As I knelt among the transplant flats, taking pictures of the green shoots, Bando jumped to my side, and all the hairs on his back went up, and he pushed at me with his trembling body. He growled the very specific growl that he saves for poisonous snakes.
This is the fifth time—the fifth time—he has jumped at my feet to protect me from a poisonous snake. When he does this, I stand very still, and look for the focus of his quivering stare, until I see the water moccasin, copperhead, or, in this case, the coral snake, he is warning me about.
Usually, I am able to grab his collar, and pull him backwards, away from the snake, and we take a different path, and let the snake crawl away.
Coral snakes are shy and gentle, and they have tiny fangs, and typically they are not a threat to anyone. But their venom is extremely potent. A coral snake bite on a dog’s nose would be very bad.
This coral snake was coiled now, less than a step away from me, and striking repeatedly at Bando’s face. Bando was relentless in his fierce barking, and the snake had turned to attack.
You never have a machete in your hand when you need it. All I had was the camera, a six-pack of chamomile shoots, and my size 12.5 work boots.
My boot landed instantly, without hesitation, on the striking snake. I am sorry, coral snake. I wish you could have crawled away, to live another day. But under the circumstances, I hope you understand. You might have done a lot of harm to my good boy, my farm foreman, my little stinker, my faithful friend.
I relocate snakes
Hi John! Thanks! Yes, we do too, when necessary. I found a rat snake in my hen house, over six feet long, and the snake had eaten about ten eggs, you could see them in his body, so I relocated the snake to the forest. The snake was back the next night, so I relocated it quite a long way from the hens. The snake came back again the next night and was full of eggs when I found it! We put the snake in the car and drove it to a breakfast restaurant for an all-you-can-eat buffet.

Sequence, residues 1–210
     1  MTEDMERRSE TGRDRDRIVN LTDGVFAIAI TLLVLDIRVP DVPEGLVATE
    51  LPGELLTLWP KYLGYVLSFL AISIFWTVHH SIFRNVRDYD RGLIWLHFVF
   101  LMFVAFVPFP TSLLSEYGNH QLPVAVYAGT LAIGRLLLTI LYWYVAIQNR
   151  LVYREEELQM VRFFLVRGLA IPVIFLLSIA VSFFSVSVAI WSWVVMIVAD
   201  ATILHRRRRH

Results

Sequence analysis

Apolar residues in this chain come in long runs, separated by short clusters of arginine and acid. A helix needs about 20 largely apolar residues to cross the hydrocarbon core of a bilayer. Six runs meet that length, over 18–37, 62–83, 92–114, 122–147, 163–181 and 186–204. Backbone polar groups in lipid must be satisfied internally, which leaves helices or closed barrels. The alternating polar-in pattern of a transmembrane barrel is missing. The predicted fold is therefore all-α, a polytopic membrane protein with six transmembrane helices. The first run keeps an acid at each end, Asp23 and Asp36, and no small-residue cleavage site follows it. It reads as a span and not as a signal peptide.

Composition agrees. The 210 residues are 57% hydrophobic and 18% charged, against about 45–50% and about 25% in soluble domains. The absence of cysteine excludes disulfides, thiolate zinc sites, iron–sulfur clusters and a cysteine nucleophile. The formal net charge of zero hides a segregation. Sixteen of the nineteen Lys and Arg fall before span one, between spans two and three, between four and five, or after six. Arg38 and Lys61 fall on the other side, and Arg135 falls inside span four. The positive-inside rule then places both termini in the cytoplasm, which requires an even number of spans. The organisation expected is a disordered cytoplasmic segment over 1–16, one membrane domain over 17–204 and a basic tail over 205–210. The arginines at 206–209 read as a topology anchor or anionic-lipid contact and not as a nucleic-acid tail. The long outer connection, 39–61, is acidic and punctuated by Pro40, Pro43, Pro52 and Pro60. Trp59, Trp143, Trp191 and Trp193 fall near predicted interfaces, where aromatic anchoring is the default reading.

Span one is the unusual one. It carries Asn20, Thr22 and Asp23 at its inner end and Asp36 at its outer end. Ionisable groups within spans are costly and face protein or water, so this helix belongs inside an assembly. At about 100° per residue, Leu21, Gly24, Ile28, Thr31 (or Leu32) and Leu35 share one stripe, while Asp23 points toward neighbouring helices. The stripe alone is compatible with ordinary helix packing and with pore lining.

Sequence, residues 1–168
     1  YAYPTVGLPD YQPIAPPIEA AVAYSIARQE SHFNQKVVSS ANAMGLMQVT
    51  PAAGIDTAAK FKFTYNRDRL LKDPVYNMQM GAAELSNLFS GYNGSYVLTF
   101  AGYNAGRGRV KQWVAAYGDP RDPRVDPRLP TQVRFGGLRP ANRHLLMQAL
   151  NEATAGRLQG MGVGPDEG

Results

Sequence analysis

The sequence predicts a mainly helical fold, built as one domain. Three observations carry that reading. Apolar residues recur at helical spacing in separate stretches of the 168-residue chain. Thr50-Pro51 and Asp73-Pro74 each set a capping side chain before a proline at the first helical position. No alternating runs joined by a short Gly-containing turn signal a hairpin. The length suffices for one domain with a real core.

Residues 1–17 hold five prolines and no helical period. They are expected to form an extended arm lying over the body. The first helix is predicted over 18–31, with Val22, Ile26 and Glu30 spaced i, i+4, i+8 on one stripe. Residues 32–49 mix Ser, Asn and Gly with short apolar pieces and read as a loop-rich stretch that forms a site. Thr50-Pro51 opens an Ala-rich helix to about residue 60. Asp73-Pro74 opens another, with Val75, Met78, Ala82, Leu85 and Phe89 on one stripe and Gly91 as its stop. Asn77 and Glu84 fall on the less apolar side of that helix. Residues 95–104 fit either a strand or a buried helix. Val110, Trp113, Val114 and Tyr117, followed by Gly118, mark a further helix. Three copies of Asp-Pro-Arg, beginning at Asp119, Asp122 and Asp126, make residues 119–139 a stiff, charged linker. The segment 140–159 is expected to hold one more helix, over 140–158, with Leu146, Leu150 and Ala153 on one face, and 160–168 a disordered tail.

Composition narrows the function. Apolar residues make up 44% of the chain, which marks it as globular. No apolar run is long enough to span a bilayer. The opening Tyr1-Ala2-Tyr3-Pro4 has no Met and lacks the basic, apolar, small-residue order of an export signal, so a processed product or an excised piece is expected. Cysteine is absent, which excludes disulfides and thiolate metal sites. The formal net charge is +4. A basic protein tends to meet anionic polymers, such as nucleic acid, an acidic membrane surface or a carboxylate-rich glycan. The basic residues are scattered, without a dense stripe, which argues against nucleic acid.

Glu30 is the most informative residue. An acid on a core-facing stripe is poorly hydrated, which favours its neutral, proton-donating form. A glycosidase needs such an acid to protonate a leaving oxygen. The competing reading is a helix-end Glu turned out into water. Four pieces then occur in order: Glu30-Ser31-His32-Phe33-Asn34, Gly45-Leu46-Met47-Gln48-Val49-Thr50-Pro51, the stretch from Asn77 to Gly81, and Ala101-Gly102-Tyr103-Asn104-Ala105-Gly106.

I didn’t have a chance, unfortunately, to relocate this coral snake. But I am so thankful that my good boy got through the day without a bite, and me too.
All Bando asks for his faithful love and service is a good meaty bone and some “good boy” hugs. Thank you, Bando, for protecting your master.
Yes! We used to fry him a pork chop every time he did something brilliant, but he does too many smart things, and we ran out of pork chops. Now we give him chicken foot and bacon dripping sandwiches, and he is okay with that.
Good boy Bando. With that sweet face and brave demeanor of course the snake had to die!
Hooray for brave Bando and your large boot! Great story and photos! Stay safe!
You guys stay safe! Happy, Happy Sailing!